Congratulations to our 2023 Rise to the Challenge finalists! On Thursday, April 27, we'll watch as they present their business pitches to a panel of expert judges, vying for nearly $30,000 in seed money and in-kind professional services. Please join us for this exciting event.
This year's finalists, consisting of undergrads, graduate students and alumni, will compete in two separate business categories: Aspiring Business Ventures and Existing Business Ventures.
The 2023 finalists and their business categories are:
2023 Rise to the challenge: Aspiring business ventures
Serena Brontide, CEO and owner of Synapse Collective, makers of "Rooms," an interactive online learning platform that uses 3D technology to create an immersive experience. An English/Creative Writing undergraduate who transferred to UBalt in 2022, Brontide notes virtual learning has become a new norm for students and educators around the world. Making that interesting and interactive can be a challenge. Brontide says the startup seeks to gamify and make online learning more immersive.
"Being an entrepreneur is the ultimate exercise in self-trust," Brontide says. "There are always going to be good, solid reasons to give up or turn back, but an entrepreneur trusts themself to reach the finish line."
Tyeisha Pinnock, MBA '19, is a foodie at heart with an entrepreneurial spirit. As owner of Dip'T, a line of vegetarian food for people who love to try new snacks, and who love to support locally made products, Pinnock turned her cooking hobby into a career shortly after she made her first batch of homemade dip in 2017. Her dips were such a hit that she began selling pans of it to friends and family. After a few months, her dip brand Dip't was officially up and running.
"Being an entrepreneur means pursuing your passion to the fullest without any 100 percent guarantee of success but doing it anyway because it's what you love to do and you're confident in yourself, your product or your service," Pinnock says. "UBalt's MBA program equipped me for success. I had access to networking opportunities, resources and internships that shaped me into the businesswoman I am today."
Jonah Willard, B.S. '23, loves working on project cars. One day, he'd love to own a shop where fellow car enthusiasts can come together and work on their own cars. That's where his business idea, Grease Garage, comes in. This DIY auto shop will offer communal workspaces, tools, lifts, storage and more to those who want to repair their vehicles. The garage will also offer skills training to underserved people interested in learning more about automotive repairs.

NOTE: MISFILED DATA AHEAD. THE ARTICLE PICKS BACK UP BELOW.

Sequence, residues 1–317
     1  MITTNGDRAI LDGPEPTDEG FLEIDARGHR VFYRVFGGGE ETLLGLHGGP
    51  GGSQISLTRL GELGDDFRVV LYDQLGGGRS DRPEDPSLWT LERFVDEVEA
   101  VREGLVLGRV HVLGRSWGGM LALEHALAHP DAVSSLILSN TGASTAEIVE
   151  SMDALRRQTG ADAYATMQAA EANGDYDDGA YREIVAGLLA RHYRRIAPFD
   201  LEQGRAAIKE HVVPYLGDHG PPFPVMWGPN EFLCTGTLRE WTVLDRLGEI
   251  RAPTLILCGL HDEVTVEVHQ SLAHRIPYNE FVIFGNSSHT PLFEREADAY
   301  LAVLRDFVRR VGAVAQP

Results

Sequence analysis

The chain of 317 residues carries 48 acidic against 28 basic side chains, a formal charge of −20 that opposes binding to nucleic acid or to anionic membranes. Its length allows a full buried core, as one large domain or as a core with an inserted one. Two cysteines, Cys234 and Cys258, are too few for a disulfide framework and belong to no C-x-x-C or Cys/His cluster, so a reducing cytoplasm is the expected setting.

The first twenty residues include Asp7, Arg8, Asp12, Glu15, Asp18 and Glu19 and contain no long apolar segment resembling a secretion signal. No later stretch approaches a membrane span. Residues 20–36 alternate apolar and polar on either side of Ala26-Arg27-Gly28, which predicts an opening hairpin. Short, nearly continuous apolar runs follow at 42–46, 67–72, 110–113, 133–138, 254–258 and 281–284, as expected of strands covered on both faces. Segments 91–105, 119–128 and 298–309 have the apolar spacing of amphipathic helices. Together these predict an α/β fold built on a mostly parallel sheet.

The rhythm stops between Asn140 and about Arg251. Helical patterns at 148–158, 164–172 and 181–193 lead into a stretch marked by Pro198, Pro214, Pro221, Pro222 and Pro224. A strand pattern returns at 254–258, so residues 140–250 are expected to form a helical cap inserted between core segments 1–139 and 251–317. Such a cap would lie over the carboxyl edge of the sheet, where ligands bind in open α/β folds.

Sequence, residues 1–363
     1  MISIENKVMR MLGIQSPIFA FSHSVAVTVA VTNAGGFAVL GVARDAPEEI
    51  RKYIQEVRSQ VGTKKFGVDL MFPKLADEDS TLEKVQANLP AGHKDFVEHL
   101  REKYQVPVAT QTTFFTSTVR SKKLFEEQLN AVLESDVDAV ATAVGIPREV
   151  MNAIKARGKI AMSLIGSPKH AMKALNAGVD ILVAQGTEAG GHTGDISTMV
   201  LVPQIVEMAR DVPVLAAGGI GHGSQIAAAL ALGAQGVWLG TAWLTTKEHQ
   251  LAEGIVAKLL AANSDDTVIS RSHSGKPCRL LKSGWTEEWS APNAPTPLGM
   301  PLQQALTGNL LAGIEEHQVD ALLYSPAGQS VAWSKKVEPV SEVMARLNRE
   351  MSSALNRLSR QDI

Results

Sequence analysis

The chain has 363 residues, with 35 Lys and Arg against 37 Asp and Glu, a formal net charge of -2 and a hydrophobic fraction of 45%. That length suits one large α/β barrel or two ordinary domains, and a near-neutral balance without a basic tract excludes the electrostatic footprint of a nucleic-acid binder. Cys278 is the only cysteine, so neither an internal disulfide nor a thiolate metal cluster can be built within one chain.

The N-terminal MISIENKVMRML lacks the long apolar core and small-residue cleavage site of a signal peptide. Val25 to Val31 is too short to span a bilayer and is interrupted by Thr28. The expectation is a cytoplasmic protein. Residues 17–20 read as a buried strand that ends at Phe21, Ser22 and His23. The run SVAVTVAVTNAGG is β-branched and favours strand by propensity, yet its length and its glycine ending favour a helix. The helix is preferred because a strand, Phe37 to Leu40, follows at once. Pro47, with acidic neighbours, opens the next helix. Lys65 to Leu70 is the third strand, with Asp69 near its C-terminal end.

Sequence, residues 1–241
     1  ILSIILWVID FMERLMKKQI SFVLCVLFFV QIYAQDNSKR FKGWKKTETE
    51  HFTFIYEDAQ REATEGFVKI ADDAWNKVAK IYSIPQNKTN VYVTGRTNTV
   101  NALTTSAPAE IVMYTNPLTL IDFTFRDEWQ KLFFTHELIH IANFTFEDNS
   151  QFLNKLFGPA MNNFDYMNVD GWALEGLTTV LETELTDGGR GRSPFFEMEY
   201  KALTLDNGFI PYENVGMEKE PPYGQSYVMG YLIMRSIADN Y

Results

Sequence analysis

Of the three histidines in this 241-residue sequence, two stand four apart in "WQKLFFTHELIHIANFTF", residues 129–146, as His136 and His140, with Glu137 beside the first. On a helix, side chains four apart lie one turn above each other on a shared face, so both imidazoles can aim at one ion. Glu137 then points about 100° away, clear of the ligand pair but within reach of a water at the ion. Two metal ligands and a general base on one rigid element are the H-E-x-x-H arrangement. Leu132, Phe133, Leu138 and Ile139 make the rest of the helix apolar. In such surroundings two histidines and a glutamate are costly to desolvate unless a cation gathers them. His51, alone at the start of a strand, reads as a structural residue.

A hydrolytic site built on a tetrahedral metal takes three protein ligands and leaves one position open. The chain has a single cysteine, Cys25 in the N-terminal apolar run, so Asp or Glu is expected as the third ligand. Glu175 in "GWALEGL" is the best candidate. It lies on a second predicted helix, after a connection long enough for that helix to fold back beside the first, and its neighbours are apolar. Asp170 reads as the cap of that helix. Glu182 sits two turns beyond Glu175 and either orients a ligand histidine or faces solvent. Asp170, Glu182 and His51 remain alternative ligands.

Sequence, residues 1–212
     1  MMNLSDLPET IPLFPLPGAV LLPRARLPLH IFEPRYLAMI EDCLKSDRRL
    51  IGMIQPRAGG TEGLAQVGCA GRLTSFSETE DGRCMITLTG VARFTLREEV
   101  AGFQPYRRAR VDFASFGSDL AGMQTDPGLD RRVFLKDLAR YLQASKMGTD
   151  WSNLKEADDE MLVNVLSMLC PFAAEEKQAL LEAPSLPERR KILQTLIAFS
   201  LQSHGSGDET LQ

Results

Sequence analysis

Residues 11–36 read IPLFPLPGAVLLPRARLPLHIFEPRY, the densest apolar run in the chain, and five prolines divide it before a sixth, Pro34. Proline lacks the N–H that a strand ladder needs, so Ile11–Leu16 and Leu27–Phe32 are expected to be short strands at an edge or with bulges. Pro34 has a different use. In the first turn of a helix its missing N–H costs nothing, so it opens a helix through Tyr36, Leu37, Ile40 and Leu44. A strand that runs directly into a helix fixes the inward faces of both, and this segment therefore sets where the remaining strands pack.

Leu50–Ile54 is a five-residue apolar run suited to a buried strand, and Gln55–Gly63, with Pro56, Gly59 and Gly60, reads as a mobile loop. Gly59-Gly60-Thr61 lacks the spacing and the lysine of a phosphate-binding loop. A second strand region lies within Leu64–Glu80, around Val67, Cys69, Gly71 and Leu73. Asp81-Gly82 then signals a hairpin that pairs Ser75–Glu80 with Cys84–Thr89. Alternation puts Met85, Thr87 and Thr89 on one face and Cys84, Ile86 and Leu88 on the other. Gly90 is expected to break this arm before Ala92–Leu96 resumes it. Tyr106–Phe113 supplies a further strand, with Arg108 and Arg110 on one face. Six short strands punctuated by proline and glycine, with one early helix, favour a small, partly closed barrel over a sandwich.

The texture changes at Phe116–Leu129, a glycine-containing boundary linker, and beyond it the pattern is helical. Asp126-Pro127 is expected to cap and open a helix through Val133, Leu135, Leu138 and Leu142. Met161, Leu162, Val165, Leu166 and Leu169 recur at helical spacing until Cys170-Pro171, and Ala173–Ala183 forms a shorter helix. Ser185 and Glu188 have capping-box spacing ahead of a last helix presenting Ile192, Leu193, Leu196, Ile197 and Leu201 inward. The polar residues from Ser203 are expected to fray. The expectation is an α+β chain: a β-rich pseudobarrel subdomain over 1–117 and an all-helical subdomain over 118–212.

"Joining UBalt's Ratcliffe Entrepreneurship Fellows program was the main reason I decided to attend UBalt and pursue my business idea," says Willard. "The access to the mentors, programs and accelerators have driven me."
2023 Rise to the challenge: existing business ventures
Mario Izquierdo, a B.S. in Business Administration student, founded his company Limitir with a vision and love for cars. This 3D-printed auto parts marketplace allows customers to find and print their own car parts, saving them time and money.
Izquierdo credits Bob Parsons, B.S. '75, D.H.L. '08, founder and chairman of GoDaddy, for giving him the drive to pursue his business idea.
"I remember in 2012, I met Bob Parsons at UBalt and he told me something I will never forget: 'Find a way to make money in your sleep.' Ever since then," Izquierdo says, "it has been a consistent pursuit of that goal."
Joanne Jones, a B.S. in Business Administration student and a Ratcliffe E-fellow, founded Kenyan Kutie, which imports and sells authentic, vibrant jewelry made by entrepreneurs in Kenya, with the belief that every purchase has a purpose. The company donates 10 percent of net sales to a non-profit in Kenya while directly supporting Kenyan artists and entrepreneurs.
"UBalt provided a scholarship and stipend that allowed me to pursue my business venture," Jones says. "My [Ratcliffe Entrepreneurship Fellows] cohort is the biggest inspiration; they understand what I'm going through and support my business ideas."
Angel King, MBA '19, owns Silent Books Publishing, a minority-owned business for aspiring and seasoned minority authors that offers a variety of self-publishing services.
"Being an entrepreneur is solving a problem for a particular group of people," says King, who is currently enrolled in UBalt's Creative Writing and Publishing Arts MFA. "It is creative, nontraditional, and motivational thinking. It is never being stagnant but constantly evolving into something greater and more efficient than the last solution."